3D printing company Voxeljet (VJET) went public back in October. The timing was certainly spot-on, as the stock price soared 122% on its debut and then went on to double from there. But so far this year, there has been a grueling unwinding. In fact, VJET stock is almost back to its offering price. For the year, the return is about -64%.
What went wrong? Well, as should be no surprise, there are a variety of reasons (and with them, lessons for investors). So here’s a look at some of the key reasons VJET stock has tanked.
#1 — Momentum Investors
Last year, momentum investors poured huge amounts into red-hot sectors like social media, biotech and, of course, 3D printing stocks. Just about all the names in those industries surged. But such moves generally cannot last for long. After all, aren’t markets supposed to be efficient?
Yet the mania was not without a basis. Let’s face it, investors were looking for growth opportunities, and 3D printing stocks offered a good option. For example, the global market for 3D manufacturing jumped from $1.3 billion in 2010 to $2.2 billion in 2012, according to the Wohlers Report 2013. The same study also forecast that the market would reach $6 billion by 2017 and then $10.8 billion by 2021.
That’s a lot of growth. But the 3D printing market had some key drivers. After all, a 3D printer provides for a low-cost way to experiment with different product designs. But there are other benefits like mass customization and reduced time to market, which is crucial in today’s brutally competitive global markets.
Despite all this, the fact is that Wall Street got too carried away. So it was only a matter of time until the 3D printing stocks would have a big pullback.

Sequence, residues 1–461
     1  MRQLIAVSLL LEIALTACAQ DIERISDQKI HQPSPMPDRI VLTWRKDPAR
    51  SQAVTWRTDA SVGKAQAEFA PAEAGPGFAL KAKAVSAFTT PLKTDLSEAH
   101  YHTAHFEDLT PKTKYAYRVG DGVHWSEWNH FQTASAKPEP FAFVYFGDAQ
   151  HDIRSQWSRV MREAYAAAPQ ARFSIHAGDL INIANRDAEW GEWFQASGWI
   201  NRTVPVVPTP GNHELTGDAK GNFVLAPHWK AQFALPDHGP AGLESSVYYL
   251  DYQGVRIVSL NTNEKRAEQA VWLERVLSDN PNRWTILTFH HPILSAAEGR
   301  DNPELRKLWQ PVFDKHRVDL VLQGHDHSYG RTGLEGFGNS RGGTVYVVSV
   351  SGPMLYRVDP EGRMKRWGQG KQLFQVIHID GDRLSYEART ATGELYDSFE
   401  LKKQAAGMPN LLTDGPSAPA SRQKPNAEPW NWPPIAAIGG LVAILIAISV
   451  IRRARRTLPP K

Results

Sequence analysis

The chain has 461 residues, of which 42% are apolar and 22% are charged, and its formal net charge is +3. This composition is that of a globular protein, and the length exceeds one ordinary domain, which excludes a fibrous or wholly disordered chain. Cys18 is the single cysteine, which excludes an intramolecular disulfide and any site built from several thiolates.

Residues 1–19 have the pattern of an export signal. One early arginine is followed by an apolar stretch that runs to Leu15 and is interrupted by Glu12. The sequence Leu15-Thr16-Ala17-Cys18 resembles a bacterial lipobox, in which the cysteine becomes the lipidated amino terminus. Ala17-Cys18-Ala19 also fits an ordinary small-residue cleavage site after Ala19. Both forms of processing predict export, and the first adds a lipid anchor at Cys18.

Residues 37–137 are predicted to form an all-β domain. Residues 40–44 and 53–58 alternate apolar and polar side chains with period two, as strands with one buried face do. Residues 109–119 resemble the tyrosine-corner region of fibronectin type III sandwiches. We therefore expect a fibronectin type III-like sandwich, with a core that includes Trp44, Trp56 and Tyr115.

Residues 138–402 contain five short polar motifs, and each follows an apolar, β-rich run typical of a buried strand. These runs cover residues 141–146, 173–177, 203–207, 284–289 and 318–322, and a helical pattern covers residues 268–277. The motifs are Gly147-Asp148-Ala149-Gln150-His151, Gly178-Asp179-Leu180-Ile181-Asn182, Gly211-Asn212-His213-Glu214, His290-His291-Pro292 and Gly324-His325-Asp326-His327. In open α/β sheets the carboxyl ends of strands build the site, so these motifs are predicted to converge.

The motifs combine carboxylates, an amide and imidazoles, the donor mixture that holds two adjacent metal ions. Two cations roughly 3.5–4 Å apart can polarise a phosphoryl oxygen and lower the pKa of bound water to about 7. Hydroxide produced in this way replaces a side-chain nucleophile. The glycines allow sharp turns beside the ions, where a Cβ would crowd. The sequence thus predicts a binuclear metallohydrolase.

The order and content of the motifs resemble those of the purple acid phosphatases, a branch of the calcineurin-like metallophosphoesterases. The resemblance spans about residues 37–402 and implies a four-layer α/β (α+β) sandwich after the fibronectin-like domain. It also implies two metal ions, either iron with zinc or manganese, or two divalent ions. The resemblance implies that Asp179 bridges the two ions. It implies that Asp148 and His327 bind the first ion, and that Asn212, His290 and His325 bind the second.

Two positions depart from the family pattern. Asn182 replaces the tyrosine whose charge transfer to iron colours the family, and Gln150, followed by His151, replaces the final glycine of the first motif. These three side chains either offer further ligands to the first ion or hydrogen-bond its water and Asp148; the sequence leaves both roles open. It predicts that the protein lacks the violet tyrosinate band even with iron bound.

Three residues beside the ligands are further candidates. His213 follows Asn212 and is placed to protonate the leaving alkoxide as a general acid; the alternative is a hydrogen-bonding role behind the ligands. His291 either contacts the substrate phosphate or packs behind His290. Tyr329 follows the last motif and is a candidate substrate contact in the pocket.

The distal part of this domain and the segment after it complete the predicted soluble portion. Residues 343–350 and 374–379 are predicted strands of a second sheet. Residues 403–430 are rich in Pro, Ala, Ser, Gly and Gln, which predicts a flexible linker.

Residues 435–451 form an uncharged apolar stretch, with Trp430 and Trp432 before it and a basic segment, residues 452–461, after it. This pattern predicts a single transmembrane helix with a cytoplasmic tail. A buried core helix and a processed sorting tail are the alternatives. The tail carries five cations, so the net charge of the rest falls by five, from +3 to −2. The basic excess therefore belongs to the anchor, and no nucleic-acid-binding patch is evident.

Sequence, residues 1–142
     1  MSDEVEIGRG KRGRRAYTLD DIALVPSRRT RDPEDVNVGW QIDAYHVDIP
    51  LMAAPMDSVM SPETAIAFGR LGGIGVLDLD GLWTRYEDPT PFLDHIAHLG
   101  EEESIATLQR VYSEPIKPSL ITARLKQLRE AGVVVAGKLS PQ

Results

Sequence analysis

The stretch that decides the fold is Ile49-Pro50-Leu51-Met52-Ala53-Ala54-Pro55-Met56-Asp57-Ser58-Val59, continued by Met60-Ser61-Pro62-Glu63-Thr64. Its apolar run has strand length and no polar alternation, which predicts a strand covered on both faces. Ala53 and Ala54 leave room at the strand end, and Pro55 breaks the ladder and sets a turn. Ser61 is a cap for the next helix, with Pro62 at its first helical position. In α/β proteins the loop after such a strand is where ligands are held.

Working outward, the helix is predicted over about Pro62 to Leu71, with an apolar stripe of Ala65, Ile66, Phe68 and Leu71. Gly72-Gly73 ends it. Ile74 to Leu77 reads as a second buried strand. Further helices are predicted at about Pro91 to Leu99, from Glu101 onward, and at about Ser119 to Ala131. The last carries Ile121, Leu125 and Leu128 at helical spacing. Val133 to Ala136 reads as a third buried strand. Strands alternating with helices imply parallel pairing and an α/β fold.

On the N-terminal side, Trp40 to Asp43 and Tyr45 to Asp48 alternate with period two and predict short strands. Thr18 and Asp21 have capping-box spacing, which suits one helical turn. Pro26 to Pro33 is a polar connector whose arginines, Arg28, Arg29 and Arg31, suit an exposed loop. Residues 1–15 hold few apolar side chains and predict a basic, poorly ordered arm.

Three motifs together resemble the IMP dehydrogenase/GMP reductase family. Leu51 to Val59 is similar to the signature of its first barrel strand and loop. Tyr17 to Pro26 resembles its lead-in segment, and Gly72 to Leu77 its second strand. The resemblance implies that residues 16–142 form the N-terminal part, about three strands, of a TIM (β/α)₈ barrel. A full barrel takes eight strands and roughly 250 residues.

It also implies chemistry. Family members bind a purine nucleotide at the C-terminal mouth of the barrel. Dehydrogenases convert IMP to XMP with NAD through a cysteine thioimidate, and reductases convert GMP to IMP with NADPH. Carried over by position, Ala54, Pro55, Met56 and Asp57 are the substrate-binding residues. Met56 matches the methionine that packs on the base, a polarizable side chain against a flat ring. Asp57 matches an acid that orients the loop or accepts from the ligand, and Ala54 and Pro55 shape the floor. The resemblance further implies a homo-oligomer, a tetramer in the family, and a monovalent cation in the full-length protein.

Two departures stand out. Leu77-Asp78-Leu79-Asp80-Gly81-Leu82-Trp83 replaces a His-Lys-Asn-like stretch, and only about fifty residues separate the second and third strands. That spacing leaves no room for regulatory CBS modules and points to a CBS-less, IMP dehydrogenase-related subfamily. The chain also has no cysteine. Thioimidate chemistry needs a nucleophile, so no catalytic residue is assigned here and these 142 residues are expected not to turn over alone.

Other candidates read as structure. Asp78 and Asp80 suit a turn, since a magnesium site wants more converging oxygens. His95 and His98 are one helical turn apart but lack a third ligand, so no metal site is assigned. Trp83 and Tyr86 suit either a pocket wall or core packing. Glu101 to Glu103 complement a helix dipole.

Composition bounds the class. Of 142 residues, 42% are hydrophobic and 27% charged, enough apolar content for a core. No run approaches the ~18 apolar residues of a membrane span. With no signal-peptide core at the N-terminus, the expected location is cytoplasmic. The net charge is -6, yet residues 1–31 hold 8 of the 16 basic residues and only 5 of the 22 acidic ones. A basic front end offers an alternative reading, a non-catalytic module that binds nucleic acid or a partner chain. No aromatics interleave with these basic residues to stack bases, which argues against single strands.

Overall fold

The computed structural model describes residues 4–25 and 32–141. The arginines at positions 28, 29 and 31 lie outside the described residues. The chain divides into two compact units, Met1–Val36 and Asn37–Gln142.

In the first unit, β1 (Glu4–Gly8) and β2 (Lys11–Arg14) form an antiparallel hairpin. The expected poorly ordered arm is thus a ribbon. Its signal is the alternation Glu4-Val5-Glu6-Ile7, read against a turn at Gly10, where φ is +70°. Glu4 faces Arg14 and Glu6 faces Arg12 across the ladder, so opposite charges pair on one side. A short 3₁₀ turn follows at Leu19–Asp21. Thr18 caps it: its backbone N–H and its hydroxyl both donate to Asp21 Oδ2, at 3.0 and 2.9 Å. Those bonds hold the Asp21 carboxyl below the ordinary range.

#2 — Low Float
Besides strong demand for 3D printing stocks, there was also a limited supply of shares on the market. After all, the industry is still in the early phases. Consider that VJET did not sell its first printer until 2002.
But the nature of the IPO process also kept the overall floats for 3D printing stocks at minimal levels. All in all, Wall Street bankers only issued small amounts of stock on the debuts. As a result, it didn’t take much buying power to propel the shares upward. Keep in mind that there were only 6.5 million VJET shares offered in the IPO.
But with the markets bubbly, it was inevitable that 3D printing stocks would see lots of secondary offerings. VJET’s came late on Friday. While only 3 million shares hit the market, VJET stock plunged by 18%! Again, this showed how sensitive a stock can be when the float is that small.
#3 — VJET Stock Fundamentals
With some analysis, it was clear that the company was far from a top performer. By the end of last year, it had only 58 printers installed worldwide and there was only one service center.
In terms of the financials, they were meager. In 2013, revenues increased by 34.2% to €11.7 and the net income fell from a profit of €0.2 million to a net loss of €2.7 million.
In light of its small business volume, the financials have been subject to lots of volatility. VJET sells its printers primarily to large companies, which have long sales cycles. According to a recent filing:
“Because our 3D printers are complex and typically involve significant capital investments by prospective purchasers, we and our sales agents generally need to invest a significant amount of time educating prospective purchasers about the benefits of our products. As a result, before purchasing our products, potential purchasers may spend a substantial amount of time performing internal assessments before making a purchase. This may cause us to devote significant effort in advance of a potential sale without any guarantee of receiving any related revenues.”
Where Will VJET Stock Go From Here?
Unfortunately, there may be more damage ahead. Even after the fall, VJET stock is still far from cheap, with the price-to-sales ratio at 15. That’s high even for 3D printing stocks, as rivals like 3D Systems (DDD), Stratasys (SSYS) and ExOne (XONE) all have price-to-sales multiples in the range of 9 to 10.
In other words, if VJET stock traded at a 9 times sales, the price would be about $8.70. And this would be about 40% lower than the current stock price.
So where will VJET stock go next? Right now, all signs are pointing down.
Tom Taulli runs the InvestorPlace blog IPO Playbook. He is also the author of High-Profit IPO Strategies, All About Commodities and All About Short Selling. Follow him on Twitter at @ttaulli. As of this writing, he did not hold a position in any of the aforementioned securities.